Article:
You can find the latest content about security analytic stories on GitHub and in Splunkbase. Splunk Security Essentials also has all these detections now available via push update. In the upcoming weeks, the Splunk Threat Research team will be releasing a more detailed blog post on this analytic story. Stay tuned!

For a full list of security content, check out the release notes on Splunk Docs.

Feedback

Any feedback or requests? Feel free to put in an issue on Github and we’ll follow up. Alternatively, join us on the Slack channel #security-research. Follow these instructions If you need an invitation to our Splunk user groups on Slack.


Contributors

We would like to thank the following for their contributions to this post.

  • Patrick Bareiss
  • Lou Stella
  • Teoderick Contreras

 

The Splunk Threat Research Team is an active part of a customer’s overall defense strategy by enhancing Splunk security offerings with verified research and security content such as use cases, detection searches, and playbooks. We help security teams around the globe strengthen operations by providing tactical guidance and insights to detect, investigate and respond against the latest threats. The Splunk Threat Research Team focuses on understanding how threats, actors, and vulnerabilities work, and the team replicates attacks which are stored as datasets in the Attack Data repository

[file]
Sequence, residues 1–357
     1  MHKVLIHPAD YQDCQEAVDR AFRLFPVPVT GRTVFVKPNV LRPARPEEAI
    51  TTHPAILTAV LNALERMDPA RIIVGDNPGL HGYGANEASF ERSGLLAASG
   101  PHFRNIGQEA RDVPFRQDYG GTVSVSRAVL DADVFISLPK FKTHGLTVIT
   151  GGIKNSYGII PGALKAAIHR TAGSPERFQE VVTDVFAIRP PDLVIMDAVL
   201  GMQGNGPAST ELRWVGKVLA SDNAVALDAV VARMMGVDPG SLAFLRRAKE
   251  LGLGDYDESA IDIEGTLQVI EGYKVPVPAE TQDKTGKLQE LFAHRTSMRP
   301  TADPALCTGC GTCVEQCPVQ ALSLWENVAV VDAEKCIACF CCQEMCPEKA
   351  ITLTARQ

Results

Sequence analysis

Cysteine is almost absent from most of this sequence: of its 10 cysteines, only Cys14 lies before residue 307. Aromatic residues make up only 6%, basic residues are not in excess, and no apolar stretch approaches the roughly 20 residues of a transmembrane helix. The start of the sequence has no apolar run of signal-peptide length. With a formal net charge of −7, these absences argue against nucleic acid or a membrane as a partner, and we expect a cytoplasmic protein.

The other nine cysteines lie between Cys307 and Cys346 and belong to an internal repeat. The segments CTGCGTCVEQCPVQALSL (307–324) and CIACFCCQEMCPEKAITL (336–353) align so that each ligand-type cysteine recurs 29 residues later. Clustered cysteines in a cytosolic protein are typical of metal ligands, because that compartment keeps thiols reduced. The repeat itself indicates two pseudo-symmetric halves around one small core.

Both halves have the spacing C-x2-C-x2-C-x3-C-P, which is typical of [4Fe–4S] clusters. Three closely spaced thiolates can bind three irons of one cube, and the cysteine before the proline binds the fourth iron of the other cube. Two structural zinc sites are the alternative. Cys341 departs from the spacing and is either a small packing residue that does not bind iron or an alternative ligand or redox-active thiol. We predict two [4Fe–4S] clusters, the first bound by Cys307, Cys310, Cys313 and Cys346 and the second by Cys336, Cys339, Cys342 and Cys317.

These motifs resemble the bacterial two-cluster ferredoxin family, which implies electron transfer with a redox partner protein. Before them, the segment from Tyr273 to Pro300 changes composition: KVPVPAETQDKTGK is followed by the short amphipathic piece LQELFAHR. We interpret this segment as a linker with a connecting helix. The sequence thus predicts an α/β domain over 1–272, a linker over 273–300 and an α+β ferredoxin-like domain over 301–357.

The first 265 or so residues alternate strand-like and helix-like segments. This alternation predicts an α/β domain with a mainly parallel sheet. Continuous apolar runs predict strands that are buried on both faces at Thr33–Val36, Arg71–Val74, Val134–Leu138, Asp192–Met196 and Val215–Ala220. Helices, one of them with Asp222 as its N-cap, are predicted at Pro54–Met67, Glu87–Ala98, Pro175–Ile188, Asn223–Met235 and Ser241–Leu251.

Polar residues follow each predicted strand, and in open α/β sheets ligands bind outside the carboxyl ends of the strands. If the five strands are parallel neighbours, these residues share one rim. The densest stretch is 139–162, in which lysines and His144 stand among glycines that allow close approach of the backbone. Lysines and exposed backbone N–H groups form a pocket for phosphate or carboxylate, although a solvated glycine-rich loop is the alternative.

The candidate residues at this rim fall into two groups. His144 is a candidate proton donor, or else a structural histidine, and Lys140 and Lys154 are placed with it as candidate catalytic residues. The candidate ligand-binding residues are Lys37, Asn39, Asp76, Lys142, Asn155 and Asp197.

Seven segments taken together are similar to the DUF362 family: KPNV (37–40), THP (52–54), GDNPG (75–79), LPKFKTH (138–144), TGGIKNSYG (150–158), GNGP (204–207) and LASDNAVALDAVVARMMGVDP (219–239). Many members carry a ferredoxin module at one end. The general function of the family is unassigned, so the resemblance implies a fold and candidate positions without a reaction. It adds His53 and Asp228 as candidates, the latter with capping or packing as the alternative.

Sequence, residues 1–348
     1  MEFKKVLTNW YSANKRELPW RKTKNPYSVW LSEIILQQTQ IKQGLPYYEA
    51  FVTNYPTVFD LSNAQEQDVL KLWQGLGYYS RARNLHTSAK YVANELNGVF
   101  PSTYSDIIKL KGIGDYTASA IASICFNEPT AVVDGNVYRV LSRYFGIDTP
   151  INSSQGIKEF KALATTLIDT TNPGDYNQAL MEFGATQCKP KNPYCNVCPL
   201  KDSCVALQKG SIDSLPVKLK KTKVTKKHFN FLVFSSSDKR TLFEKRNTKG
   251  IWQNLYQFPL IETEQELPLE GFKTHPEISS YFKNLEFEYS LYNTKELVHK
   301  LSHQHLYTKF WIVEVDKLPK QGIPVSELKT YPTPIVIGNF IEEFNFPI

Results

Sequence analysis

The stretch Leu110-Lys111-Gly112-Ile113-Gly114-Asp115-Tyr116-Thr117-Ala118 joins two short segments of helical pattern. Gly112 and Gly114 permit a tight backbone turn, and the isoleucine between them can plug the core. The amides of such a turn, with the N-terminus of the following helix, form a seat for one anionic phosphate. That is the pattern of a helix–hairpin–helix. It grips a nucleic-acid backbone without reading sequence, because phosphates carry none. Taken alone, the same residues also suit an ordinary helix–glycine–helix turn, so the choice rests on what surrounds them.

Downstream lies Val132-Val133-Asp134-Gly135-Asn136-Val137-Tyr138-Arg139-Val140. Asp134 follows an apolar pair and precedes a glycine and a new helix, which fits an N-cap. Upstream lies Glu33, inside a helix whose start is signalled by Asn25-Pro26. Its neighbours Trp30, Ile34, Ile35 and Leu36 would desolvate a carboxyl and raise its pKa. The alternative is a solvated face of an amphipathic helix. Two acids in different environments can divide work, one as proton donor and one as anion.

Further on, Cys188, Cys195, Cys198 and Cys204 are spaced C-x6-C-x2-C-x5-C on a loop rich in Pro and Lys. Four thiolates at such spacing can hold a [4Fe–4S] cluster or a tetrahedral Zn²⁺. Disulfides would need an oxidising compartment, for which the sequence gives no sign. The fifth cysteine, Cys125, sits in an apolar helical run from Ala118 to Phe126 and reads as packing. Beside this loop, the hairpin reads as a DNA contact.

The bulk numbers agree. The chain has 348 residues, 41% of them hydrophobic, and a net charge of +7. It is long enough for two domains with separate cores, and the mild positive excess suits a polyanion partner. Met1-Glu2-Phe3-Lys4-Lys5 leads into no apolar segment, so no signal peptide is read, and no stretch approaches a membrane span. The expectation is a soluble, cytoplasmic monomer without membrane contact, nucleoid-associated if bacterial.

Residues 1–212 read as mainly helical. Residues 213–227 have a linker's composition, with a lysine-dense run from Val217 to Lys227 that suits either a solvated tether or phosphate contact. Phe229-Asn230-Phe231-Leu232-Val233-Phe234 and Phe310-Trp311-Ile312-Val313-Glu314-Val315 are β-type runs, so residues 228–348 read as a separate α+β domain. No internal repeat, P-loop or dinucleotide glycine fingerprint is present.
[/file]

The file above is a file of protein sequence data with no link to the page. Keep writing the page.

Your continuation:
Our goal is to provide security teams with research they can leverage in their day to day operations and to become the industry standard for SIEM detections. We are a team of industry-recognized experts who are encouraged to improve the security industry by sharing our work with the community via conference talks, open-sourcing projects, and writing white papers or blogs. You will also find us presenting our research at conferences such as Defcon, Blackhat, RSA, and many more.